In America the Garrett AiResearch turbo-charger led the way in units small enough to apply to a racing car engine, while in Germany the firm of Eberspach were first in the field. This German firm changed hands and became KKK (Kuhnle, Kopp and Kausch) and development is proceeding apace with both American and German units. These are the orthodox system of using the exhaust gases to revolve a small turbine wheel, with an air compressor on the same shaft, this compressor feeding high pressure air into the engine, with petrol being injected into the air stream just before the inlet valves. This system can be accurately described as “forced induction by means of an exhaust-driven turbo-charging unit” or turbo-charged for short.

In Switzerland the Brown Boveri company have been developing a new form of forced induction by a system they describe as “pressure wave supercharging” with particular reference in commercial diesel engines. Their system is patented under the trade name “Comprex” and in recent years they have been applying it to small diesel engines for passenger cars. Ferrari are experimenting with a Comprex system on their 1 1/2-litre V6 Formula One engine, with encouraging results. The Comprex system is directly driven supercharging, as distinct from exhaust-gas driven turbo-charging. Whereas in a turbocharger layout the intake pressure is proportional to the speed of the turbine, which itself is dependent on the flow of exhaust gas, the Comprex supercharger is positively driven by the engine and the exhaust gases merely provide the pressure waves to compress the incoming air on its way to the inlet-manifold. With a pure turbo-charger layout there is an inevitable lag while the turbine/compressor unit gains speed once the throttles are open and exhaust gases are flowing. With the Comprex the pressure-changing unit is always running in unit with the engine so that there is no time-lag while the unit gathers speed. The functioning of the exhaust gas pressure waves within the supercharger unit is somewhat involved and requires a knowledge of gas-flow to fully understand, but in its simplest terms the Comprex has a revolving drum into one end of which fresh air is led while high pressure exhaust gas is led into the other end. The pressure waves of the exhaust gases compress the fresh air as it passes into the drum and out again at the same end, while the spent exhaust gases exit from the same end as they entered.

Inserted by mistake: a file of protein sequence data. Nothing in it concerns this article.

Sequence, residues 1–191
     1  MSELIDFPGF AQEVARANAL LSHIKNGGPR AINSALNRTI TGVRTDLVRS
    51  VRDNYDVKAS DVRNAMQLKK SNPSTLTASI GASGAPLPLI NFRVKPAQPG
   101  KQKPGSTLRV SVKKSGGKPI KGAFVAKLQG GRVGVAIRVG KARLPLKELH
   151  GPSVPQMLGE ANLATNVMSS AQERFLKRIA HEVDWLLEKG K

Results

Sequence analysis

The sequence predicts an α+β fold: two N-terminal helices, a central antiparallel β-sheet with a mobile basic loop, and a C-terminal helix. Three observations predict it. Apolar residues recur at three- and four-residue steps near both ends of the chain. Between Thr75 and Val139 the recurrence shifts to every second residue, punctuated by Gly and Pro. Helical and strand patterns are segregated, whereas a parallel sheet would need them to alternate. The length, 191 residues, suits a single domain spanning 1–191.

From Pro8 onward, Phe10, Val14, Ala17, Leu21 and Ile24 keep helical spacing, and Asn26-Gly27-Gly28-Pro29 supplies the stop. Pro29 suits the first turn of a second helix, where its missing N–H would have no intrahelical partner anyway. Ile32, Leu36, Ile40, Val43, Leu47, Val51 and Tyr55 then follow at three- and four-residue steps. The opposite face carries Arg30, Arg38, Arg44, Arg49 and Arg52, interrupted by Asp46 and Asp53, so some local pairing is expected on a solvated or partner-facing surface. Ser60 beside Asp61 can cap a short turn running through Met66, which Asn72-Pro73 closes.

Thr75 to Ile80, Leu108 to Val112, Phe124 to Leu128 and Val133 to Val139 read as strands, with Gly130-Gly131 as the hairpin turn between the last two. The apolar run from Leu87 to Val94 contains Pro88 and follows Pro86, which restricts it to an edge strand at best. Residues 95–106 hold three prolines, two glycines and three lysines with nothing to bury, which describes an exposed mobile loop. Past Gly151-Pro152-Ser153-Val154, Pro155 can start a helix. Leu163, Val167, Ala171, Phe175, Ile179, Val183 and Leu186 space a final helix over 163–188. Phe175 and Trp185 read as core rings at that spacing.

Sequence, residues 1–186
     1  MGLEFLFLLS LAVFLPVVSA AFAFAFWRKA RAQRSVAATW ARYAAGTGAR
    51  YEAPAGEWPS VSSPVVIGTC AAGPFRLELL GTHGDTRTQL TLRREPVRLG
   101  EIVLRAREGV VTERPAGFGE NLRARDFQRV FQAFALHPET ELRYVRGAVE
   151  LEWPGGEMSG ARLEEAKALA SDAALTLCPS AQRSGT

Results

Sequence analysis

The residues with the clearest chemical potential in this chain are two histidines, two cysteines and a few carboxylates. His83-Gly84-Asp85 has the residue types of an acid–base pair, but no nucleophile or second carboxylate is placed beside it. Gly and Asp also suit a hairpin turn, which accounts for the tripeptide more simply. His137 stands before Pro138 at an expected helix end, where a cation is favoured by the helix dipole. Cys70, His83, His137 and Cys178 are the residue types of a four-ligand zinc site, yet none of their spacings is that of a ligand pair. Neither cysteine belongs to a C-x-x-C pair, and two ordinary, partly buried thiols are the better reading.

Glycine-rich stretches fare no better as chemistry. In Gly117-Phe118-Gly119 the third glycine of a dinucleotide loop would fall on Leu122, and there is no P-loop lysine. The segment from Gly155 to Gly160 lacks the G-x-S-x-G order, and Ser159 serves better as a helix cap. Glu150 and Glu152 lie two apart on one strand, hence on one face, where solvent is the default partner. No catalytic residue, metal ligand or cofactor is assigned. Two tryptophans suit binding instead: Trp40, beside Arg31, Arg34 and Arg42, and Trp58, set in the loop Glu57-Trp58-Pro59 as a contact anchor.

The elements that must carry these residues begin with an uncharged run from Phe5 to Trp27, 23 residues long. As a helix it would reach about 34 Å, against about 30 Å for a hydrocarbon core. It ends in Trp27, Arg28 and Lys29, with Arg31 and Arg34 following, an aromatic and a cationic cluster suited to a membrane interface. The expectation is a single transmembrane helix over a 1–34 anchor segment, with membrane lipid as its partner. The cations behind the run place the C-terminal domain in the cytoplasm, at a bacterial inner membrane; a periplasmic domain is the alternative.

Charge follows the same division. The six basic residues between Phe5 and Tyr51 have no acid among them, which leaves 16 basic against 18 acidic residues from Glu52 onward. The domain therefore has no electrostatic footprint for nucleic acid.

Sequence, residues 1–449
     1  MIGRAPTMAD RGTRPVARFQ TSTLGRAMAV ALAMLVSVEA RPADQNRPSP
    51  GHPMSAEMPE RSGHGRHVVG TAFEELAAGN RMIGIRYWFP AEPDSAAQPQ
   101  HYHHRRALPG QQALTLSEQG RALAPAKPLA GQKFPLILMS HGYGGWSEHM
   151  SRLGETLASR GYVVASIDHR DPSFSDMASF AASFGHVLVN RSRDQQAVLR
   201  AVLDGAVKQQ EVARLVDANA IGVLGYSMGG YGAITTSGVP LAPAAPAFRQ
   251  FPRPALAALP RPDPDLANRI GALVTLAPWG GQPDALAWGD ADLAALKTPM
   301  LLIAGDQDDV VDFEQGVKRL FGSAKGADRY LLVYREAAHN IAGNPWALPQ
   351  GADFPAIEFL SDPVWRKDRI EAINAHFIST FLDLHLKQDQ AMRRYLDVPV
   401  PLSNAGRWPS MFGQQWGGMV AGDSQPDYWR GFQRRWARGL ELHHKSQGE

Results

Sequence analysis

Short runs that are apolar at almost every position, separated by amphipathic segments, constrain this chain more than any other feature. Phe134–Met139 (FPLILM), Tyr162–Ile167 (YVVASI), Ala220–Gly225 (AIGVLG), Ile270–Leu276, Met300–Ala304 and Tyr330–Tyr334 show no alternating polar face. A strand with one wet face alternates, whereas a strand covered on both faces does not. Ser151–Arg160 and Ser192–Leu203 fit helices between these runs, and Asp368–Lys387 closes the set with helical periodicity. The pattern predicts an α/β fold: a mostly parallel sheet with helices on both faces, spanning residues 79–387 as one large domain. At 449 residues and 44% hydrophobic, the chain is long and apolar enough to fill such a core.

Already the Ferrari drivers are enthusiasts about the installation as it does not have the lag in response that the normal turbo-charger unit has, and therefore it is much easier to drive the car. Although the well-proven unsupercharged Cosworth DFV engine will continue to hold dominance the signs are that engine development in Formula One will take a dramatic step forward in the next year or two.

Teams who are set on a turbo or super-charged programme are Renault with their V6, Ferrari with his V6, Alfa Romeo with their V8, Toleman with the 4-cylinder Hart engine and Brabham with the 4-cylinder BMW engine. Matra are developing a turbo-charged 1 1/2-litre engine for Talbot-Ligier, but as yet no details have been released. The immediate future looks interesting. – D.S. J